And this is something I've been meaning to write about: NPR Labs has uploaded to its Web site an expanded version of the "Advanced IBOC Coverage & Compatibility Study" report previously delivered to the commission. The new version adds test results on FM host compatibility or noise degradation at various IBOC transmission powers and an analysis of IBOC coverage increases at higher digital power.
John Kean says NPR found that noise increased with IBOC injection, as you'd expect; but you might be surprised to know that noise was significantly higher at stronger signal strength. Noise increase with IBOC injection or with higher service modes, such as MP3, and the combinations of power and mode are included in the final report. Kean tells me he found it surprising to find that in all cases, noise increased with stronger signal strength.
Design and performance factors that are common to both newer and older receivers were found. Section 7 of the final report details the signal-to-noise test results for a large number of consumer receivers.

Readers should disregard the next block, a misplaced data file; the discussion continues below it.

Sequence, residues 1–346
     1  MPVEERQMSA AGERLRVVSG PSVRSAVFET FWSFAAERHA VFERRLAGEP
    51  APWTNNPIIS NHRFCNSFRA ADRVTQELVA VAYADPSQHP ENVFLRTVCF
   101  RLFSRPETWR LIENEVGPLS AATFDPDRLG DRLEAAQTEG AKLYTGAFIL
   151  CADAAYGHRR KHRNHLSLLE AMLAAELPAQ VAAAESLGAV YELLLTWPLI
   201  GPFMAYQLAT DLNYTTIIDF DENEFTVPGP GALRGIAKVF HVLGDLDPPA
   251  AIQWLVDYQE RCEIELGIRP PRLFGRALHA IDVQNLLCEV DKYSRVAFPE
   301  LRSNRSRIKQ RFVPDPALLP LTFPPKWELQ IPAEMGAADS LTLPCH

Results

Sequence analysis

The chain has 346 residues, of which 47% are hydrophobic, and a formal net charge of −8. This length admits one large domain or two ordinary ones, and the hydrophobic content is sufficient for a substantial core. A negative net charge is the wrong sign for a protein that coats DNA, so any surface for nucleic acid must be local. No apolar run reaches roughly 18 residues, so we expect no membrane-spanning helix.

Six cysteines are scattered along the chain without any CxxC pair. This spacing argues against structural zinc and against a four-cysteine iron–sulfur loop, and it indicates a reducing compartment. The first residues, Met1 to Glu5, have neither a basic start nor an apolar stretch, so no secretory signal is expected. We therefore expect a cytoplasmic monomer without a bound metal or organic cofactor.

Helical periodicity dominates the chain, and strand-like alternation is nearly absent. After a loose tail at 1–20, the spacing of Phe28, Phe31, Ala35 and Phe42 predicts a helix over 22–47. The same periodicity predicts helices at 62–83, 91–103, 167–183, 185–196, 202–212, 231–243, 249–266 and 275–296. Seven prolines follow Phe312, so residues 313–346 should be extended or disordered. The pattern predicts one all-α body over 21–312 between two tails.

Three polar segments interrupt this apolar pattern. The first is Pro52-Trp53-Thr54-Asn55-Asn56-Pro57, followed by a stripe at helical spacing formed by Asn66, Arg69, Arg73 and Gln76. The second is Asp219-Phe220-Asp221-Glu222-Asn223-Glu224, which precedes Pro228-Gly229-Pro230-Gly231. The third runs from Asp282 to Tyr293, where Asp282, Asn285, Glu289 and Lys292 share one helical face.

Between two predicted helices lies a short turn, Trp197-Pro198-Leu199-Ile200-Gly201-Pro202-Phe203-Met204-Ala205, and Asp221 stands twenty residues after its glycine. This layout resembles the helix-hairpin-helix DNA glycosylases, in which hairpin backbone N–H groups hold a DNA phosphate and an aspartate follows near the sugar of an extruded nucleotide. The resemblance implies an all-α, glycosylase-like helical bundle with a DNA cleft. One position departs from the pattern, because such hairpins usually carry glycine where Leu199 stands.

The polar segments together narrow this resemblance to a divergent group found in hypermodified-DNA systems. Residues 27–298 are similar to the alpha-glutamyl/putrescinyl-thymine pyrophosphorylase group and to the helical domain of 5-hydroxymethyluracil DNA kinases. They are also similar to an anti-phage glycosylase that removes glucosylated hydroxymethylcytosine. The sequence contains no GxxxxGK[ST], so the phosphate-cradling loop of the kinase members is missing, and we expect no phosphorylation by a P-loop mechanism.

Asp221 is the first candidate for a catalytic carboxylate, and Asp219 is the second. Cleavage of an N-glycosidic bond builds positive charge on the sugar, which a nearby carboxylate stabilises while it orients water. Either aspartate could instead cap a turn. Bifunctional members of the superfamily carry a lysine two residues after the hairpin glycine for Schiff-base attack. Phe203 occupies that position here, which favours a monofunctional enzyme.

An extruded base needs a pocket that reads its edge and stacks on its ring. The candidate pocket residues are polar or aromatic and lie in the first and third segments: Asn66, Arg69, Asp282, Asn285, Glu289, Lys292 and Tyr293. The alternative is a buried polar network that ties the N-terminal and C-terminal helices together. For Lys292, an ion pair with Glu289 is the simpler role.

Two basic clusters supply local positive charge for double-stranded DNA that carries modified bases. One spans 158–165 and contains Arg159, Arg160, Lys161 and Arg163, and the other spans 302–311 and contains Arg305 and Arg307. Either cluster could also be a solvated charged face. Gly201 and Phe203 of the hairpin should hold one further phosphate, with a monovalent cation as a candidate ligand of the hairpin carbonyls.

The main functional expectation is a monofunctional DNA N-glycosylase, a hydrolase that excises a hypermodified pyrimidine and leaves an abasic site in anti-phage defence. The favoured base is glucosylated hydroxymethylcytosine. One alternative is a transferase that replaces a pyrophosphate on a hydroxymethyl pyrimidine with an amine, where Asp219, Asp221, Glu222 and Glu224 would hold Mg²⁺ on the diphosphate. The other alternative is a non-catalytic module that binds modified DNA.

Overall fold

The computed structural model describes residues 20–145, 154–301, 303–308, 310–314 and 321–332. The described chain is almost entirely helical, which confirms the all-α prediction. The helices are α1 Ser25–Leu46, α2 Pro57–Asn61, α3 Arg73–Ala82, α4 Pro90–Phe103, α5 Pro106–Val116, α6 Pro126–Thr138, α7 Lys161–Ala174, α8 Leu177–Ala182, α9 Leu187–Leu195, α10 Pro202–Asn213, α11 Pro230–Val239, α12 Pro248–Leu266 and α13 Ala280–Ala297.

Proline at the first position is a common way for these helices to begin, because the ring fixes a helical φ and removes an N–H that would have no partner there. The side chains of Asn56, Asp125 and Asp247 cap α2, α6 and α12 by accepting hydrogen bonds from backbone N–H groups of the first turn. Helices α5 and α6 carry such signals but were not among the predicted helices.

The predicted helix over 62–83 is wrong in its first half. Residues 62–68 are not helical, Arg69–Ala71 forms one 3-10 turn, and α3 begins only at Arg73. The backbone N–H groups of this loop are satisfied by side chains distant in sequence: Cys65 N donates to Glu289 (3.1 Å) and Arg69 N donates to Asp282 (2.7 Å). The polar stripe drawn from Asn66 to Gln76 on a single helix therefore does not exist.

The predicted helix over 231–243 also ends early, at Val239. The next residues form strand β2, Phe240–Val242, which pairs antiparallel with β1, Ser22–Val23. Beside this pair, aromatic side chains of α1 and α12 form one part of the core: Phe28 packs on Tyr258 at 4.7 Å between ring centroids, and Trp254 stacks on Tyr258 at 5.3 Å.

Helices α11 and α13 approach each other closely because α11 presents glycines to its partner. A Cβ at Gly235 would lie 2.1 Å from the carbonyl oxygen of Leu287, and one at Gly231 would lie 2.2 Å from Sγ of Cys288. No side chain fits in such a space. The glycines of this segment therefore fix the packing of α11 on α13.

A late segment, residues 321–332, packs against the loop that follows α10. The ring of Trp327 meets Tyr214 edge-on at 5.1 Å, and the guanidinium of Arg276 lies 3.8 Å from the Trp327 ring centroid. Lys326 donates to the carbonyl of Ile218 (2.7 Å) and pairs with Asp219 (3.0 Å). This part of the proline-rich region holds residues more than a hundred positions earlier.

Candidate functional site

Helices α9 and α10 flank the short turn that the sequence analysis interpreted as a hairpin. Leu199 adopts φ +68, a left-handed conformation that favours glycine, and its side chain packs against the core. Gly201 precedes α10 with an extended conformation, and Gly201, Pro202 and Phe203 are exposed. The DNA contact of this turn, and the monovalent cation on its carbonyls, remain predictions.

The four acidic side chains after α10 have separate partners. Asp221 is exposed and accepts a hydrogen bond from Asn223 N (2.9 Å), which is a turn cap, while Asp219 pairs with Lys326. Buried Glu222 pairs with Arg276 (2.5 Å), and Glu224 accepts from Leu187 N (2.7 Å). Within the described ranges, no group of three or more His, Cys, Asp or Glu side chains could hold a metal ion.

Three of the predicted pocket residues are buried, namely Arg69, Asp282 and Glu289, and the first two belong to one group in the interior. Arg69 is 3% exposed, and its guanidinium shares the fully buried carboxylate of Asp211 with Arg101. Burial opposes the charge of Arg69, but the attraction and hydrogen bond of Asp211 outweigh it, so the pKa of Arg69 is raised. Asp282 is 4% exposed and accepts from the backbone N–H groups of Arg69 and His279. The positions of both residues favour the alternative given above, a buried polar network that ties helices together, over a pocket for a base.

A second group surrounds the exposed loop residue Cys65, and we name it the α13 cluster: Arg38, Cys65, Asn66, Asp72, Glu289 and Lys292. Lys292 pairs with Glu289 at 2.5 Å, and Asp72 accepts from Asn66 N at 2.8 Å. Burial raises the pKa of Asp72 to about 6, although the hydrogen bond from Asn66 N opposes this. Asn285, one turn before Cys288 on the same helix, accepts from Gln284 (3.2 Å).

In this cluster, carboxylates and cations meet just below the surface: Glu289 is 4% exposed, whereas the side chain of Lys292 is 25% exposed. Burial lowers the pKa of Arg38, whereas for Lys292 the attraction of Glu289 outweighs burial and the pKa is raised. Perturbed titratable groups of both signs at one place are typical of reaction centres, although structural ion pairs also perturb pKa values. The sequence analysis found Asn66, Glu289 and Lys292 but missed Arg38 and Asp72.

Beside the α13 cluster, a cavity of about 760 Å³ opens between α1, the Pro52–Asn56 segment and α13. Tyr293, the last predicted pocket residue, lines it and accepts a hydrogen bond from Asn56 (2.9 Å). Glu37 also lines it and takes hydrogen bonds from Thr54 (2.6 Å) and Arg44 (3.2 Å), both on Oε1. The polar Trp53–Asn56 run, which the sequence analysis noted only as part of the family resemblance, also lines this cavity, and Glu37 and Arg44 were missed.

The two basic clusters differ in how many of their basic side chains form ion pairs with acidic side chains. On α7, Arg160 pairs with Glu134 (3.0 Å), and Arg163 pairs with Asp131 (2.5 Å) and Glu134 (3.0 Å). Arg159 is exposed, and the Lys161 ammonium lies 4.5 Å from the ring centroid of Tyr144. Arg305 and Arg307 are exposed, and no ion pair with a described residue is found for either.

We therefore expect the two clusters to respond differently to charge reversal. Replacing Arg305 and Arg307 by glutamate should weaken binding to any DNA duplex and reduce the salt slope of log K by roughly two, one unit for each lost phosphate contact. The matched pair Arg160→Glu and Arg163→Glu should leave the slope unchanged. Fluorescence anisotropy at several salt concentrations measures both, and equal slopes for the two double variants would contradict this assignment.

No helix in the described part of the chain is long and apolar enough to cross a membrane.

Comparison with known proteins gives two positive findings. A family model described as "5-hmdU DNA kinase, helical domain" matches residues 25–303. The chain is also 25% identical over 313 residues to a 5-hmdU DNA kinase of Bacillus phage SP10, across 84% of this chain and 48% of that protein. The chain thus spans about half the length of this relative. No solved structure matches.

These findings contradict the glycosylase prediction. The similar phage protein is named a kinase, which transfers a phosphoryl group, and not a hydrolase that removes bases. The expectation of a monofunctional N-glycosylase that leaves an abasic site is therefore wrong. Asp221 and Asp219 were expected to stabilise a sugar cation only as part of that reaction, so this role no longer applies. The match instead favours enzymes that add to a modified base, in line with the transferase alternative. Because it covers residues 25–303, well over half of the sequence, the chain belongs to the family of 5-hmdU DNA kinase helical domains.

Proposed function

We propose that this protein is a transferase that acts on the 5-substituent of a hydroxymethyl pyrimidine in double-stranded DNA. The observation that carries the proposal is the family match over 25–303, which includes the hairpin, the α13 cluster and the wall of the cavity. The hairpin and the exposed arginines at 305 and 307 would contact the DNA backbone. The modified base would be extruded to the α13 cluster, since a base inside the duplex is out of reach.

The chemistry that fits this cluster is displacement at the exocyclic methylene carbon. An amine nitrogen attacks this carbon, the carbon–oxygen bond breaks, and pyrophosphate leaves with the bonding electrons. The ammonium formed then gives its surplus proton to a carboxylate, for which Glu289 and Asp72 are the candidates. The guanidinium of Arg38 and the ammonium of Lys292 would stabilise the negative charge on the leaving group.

There are other noise sources like manmade electrical noise, noise in the audio program, etc., that will mask these effects; however there are losses in received signal-to-noise ratio that should be considered when adding both extended partitions and higher IBOC power, he said.
The data is notable in that stations can glean not only the potential effect of increasing their FM digital power on their first-adjacent neighbors, but the potential ramifications on their own FM analog signal, too.
You can download the report here (PDF); note that it is an 8 MB file.
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